Smart Occupancy Sensor that wont turn on at night


(jessica) #1

Looking for an occupancy sensor because my kids can not turn off their bedroom light. I’m specifically looking for one that will have the ability to be programmed to not respond to motion between certain hours as I don’t want one kid getting up to go to the bathroom at night and the lights turning on, waking everyone else. I’ve looked quite a bit but cant seem to find quite the right thing. Hoping for something that will work with Smarthings but I’m open to other ideas too.


(Andrea Bianco) #2

If you are looking for SmartThings apps - I may suggest “lighting director” I use this a lot for such things… so during a time or mode the lights react or don’t one way - and another time parameter react or don’t another way. You can set up to 4 senerio’s in ONE incidence of the Lighting Director. MarketPlace / Lights & Switches / Lighting Director. there are a few ways to go about this, CoRE of course will do this, but not sure you have dove into that App, there is a “learning curve” but there are those on the forum that will help you if you chose that route.


#3

If you are using SmartThings, you can set the rules on any motion sensor so that it is ignored during part of the day and triggered and other parts of the day. So there really isn’t any issue with that.

But you can do it even more simply and less expensively by not using a motion sensor and just having the light itself turn off at whatever bedtime is.

So it really comes down to the exact specifics of what you want. There’s going to be an easy answer for it. But the answer may be somewhat different depending on the exact specifics.

To begin with, what exactly is the light in that room. Is it an overhead fixture? Is it a table lamp?

One of the things we do in our house is we have the overhead light which is networked with a smart switch, but we also have a soft night light plugged in on the wall, or it could be an LED strip.

We have a motion sensor by the side of the bed that is triggered by an intentional hand wave. During the day the. motion sensor doesn’t do anything. In the evening hours, The front of the room will turn on the overhead light, but it doesn’t turn off again we use voice control with echo for that. The motion sensor by the side of the bed turns on the overhead light in the evening hours, but late at night it just turns on the soft nightlight. We have it set up that way because I often nap in the afternoon and if when I wake up in the winter it’s dark I want the ceiling light come on. But late at night after everybody’s gone to bed I just want the night light to come on.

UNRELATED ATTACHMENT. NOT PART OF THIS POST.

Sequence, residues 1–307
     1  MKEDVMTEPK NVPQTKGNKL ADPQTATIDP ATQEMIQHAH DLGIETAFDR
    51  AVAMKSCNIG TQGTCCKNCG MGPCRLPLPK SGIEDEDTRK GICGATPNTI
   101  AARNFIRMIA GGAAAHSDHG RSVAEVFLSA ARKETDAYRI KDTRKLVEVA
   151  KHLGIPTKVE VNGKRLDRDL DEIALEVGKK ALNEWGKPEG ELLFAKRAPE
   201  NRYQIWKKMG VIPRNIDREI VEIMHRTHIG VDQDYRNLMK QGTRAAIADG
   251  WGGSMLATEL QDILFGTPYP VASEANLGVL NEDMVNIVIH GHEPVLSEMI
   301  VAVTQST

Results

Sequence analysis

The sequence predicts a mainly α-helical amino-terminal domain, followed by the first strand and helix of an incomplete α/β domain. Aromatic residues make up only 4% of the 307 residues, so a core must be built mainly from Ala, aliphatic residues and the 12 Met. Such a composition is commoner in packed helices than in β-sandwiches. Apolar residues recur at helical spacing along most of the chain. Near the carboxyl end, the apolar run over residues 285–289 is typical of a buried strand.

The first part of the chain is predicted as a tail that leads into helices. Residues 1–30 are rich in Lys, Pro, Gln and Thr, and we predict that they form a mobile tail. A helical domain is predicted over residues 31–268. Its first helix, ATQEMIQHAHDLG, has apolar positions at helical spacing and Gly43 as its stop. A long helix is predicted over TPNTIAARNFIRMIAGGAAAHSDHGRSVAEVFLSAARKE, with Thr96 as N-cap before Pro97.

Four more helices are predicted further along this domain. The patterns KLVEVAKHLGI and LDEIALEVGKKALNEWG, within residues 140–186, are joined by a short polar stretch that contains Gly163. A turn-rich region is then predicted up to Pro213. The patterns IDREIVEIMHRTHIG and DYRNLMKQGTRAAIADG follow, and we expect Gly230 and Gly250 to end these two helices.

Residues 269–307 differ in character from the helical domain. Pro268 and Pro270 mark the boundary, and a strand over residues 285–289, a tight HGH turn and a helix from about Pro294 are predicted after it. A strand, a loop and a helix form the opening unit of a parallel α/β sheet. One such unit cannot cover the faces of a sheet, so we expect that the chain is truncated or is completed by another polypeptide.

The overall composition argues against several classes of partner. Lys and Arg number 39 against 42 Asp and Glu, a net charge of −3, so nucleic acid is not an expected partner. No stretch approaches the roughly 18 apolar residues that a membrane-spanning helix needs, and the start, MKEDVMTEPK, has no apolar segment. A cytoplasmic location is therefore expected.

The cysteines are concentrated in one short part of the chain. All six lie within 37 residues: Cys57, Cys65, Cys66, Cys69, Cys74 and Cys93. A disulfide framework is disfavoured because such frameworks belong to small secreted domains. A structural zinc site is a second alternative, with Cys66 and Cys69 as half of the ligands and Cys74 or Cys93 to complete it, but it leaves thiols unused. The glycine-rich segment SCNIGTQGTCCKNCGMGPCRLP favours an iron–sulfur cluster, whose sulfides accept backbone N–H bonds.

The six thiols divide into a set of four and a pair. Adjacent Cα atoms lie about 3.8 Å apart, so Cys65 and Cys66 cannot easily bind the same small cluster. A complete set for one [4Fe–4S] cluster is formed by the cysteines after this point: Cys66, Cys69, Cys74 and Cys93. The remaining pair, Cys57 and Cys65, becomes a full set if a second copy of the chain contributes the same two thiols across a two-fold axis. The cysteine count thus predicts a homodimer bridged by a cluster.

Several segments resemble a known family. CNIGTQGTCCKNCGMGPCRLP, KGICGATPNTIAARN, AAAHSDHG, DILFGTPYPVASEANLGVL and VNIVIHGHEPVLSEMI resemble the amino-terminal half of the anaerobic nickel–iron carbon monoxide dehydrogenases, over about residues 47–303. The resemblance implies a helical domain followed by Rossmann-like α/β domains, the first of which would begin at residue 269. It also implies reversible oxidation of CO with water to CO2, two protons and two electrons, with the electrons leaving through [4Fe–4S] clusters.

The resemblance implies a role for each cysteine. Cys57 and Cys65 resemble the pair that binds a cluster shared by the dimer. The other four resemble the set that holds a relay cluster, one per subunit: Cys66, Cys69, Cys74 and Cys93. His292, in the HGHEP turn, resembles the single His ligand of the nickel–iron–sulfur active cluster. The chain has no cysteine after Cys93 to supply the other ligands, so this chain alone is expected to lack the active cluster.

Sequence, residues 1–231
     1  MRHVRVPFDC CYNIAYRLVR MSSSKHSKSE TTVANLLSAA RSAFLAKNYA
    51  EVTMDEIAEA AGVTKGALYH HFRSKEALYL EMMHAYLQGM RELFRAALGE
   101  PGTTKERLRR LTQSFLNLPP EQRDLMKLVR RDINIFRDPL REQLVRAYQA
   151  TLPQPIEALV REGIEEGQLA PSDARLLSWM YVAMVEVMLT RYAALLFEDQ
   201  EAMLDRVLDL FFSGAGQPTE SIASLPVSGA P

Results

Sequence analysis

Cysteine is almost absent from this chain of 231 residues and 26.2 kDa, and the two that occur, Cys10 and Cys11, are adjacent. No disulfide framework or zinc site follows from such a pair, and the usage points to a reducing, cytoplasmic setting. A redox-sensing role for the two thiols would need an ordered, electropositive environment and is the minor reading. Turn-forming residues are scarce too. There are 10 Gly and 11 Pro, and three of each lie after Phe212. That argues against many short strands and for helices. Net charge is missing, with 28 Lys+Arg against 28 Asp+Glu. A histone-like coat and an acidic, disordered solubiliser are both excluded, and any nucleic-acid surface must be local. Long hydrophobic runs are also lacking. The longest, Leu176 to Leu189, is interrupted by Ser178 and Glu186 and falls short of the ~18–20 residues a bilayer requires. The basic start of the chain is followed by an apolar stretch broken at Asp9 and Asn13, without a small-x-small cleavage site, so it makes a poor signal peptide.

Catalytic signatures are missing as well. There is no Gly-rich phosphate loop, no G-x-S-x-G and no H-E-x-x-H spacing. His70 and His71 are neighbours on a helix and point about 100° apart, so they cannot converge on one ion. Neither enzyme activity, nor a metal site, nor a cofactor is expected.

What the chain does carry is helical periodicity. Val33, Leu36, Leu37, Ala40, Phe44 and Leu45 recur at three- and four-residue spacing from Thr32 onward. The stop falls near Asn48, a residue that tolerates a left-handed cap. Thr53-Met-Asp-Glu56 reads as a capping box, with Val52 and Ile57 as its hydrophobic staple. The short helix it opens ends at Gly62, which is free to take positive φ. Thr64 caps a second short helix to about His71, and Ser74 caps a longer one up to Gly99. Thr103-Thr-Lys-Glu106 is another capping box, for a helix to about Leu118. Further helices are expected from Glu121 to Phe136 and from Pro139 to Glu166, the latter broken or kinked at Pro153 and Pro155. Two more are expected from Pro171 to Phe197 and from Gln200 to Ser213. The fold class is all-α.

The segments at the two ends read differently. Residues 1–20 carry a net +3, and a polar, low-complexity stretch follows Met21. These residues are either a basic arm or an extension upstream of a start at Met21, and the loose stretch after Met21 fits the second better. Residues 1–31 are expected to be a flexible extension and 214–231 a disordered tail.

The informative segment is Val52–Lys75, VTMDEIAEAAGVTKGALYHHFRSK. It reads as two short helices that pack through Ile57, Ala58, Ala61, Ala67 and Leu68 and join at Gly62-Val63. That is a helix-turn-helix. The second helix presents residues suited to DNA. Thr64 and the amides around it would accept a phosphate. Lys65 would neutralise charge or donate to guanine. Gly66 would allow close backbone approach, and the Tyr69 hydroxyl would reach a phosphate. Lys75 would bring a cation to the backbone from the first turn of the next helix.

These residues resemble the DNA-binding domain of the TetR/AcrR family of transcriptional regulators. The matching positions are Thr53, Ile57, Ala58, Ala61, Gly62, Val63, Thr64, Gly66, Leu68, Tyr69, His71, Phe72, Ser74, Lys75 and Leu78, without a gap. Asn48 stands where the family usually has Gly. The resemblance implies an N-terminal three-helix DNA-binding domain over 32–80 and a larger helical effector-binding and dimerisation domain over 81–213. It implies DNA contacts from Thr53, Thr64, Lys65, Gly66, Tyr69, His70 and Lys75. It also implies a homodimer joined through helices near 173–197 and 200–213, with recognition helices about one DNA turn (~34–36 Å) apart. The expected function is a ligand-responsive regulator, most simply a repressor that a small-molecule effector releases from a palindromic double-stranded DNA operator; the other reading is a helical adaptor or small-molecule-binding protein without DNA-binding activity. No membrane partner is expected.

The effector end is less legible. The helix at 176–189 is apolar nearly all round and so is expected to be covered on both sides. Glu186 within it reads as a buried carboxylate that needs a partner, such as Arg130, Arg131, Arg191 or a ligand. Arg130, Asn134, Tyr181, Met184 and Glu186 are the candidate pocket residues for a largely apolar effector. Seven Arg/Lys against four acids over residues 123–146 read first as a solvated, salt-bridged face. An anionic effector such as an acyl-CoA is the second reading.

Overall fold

So, you have a lot of choices. And you’ll be able to change just what turns on what light for every minute of the day if you want.

If you use motion sensors you’ll have the option to use them part of the day, ignore them part of the day, have activity turn on a light and inactivity turn it off again or only have activity turn it on. And change that up at different times of day It’s up to you.

But if for whatever reason you don’t want to change out your light switch you can also do something very similar with smart bulbs.

My personal recommendation with kids would be to have the overhead light on a smart switch that turns itself off at a particular time and have a motion sensor near the bed which will turn on the night light with an intentional motion. That way the kids can make the night like come on if they want to, but the overhead light will likely stay off.

But you’re going to do all of this not based on a particular switch, but rather on the rules that you set up in SmartThings. As Long as the switch is one that smartthings can turn on and off, you can schedule it pretty much anyway you like.


#4

One more thought:

A lot of people use a nonnetworked occupancy sensor in a small bathroom. Lutron make several very nice ones for under $35. These are very reliable and work very well. Some room layouts may have an issue if the person is in the shower where it doesn’t catch their movement, so you may have to make some decisions then. But otherwise it’s a very simple reliable Solution.

Motion sensors also work great in hallways and laundry areas where people are on their feet and The sensor will still see them as active.

Typically the most difficult room to light with a motion sensor is the bedroom if you want the option where inactivity on the sensor turns the lights off again. It’s just really hard to get the patterns right. So the lights often turn off when you really want them to be on, like when you’re reading in bed.

And some people have the opposite problem, where tossing and turning in the bed will cause the lights come back on.

That’s why I let mine turn off the night light, but not the overhead light. I turn off the overhead light with either voice control or on a time schedule.

There are a lot of different ways to handle it, but there’s definitely a lot more to think about for a bedroom than pretty much any other place in the house.